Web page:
Metrocles

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Metrocles (Greek: Μητροκλῆς; fl. c. 325 BC) was a Cynic philosopher from Maroneia. He studied in Aristotle’s Lyceum under Theophrastus, and eventually became a follower of Crates of Thebes who married Metrocles’ sister Hipparchia. Very little survives of his writings, but he is important as one of the first Cynics to adopt the practice of writing moral anecdotes (chreiai) about Diogenes and other Cynics.

Life[edit]

The supposed story of Metrocles' conversion to Cynicism is reported by Diogenes Laërtius.[1] Metrocles had apparently farted while practicing a speech, and became so upset that he shut himself up in his home, attempting to commit suicide by starving himself. Crates visited him and made him a dinner of lupines,[2] explaining to him that what he had done was according to nature and therefore nothing to be ashamed of. When Crates himself farted to demonstrate how natural it was, Metrocles was persuaded to let go of his shame.

Whether or not this story is true, the symbolism for the Cynics is that it demonstrated the worthlessness of Metrocles' education up until that time. As a pupil of Theophrastus he may have learned a lot of information, but he was still obsessed with social conventions and good manners, to the point of being ready to die from embarrassment. With Crates' help he was able to let go of his old ways and embrace a Cynic life free from convention, and find true happiness.

Equally significant is a passage preserved in the writings of Teles, who tells how Metrocles as a young student of the Lyceum and the Academy could not keep up with the extravagant life-style requirements:

When he was studying with Theophrastus and Xenocrates, although many things were being sent to him from home, he was in constant fear of dying from hunger and was always destitute and in want. But when he later changed over to Crates, he could feed even another person though nothing was sent from home. For in the former case he had to have shoes,... then a cloak, a following of slaves, and a grand house; for the common table he had to see that the breads were pure, the delicacies above the ordinary, the wine sweet, the entertainment appropriate, so that here there was much expense. For among them such a way of life was judged to be 'liberal.'[3]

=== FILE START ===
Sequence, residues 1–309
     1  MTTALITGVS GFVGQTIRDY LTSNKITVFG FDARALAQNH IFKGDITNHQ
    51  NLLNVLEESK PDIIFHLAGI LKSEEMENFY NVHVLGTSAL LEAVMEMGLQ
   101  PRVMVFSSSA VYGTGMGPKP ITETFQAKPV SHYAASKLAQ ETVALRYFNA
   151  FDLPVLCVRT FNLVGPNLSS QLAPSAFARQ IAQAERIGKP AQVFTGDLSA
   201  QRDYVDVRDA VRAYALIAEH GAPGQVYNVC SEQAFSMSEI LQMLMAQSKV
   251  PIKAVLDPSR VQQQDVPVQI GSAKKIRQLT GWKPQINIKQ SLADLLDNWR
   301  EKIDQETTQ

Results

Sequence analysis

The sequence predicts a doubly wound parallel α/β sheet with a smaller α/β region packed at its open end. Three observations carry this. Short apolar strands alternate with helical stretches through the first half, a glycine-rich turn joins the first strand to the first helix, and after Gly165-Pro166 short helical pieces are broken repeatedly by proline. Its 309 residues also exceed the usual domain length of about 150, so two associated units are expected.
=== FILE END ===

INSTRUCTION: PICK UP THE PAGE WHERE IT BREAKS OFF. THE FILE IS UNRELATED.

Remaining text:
According to Hecato of Rhodes, Metrocles burned all his writings, but others said it was only the notes he took in the school of Theophrastus that he burned.[4] It may have been via Metrocles that his sister Hipparchia met Crates, whom she later married, thus also becoming a Cynic. Plutarch represents Metrocles as sleeping in the winter amongst sheep, and in the summer in the porches of temples.[5] He apparently knew the Megarian philosopher Stilpo and disputed with him,[6] and Stilpo wrote a dialogue called Metrocles.[7] In his biography of Metrocles, Diogenes Laërtius seemingly lists a number of his pupils,[4] but the list probably refers to Crates.[8] Metrocles died at a great age, and is said to have deliberately suffocated himself.[4]

Writings[edit]

Metrocles was a man of great ability,[1] and wrote several works, but little of his thought survives. He objected to wealth unless it was put to good use; and he divided things into those that can be bought with money (such as a house), and those that take time and care, like education.[4] One of his works was called Chreiai (Greek: Χρεῖαι), that is, Anecdotes, or Maxims. Thus he became one of the first to contribute to the most important literary art-form for the Cynics: thousands of anecdotes were accumulated (and invented) concerning Diogenes, Crates and other Cynics, all of them providing moral messages through the actions of the Cynics. An anecdote written by Metrocles concerning Diogenes is preserved by Laërtius:

On one occasion Diogenes went with his head half-shaved into an entertainment of young men, as Metrocles tells us in his Chreiai, and so was beaten by them. And afterwards he wrote the names of all those who had beaten him, on a white tablet, and went about with the tablet round his neck, so as to expose them to insult, as they were generally condemned and reproached for their conduct.[9]

Notes[edit]

  1. ^ a b Diogenes Laërtius, vi. 94
  2. ^ Lupin beans were notorious for causing flatulence.
  3. ^ Teles, Fragment 4a, quoted in David A. Holgate (1999), Prodigality, Liberality and Meanness in the Parable of the Prodigal Son, page 151. Continuum International. and in J. Bryant, (1996), Moral Codes and Social Structure in Ancient Greece, page 525. SUNY Press.
  4. ^ a b c d Diogenes Laërtius, vi. 95
  5. ^ Plutarch, Moralia
  6. ^ Plutarch, De Tranquilliate Animi, vi. 468
  7. ^ Diogenes Laertius, ii. 120
  8. ^ R. Bracht Branham, Marie-Odile Goulet-Cazé, (2000), The Cynics: The Cynic Movement in Antiquity and Its Legacy, page 398. Cf. page 392 pointing out that Diogenes Laertius vi. 98 also returns to the biography of Crates.
  9. ^ Diogenes Laërtius, vi. 33

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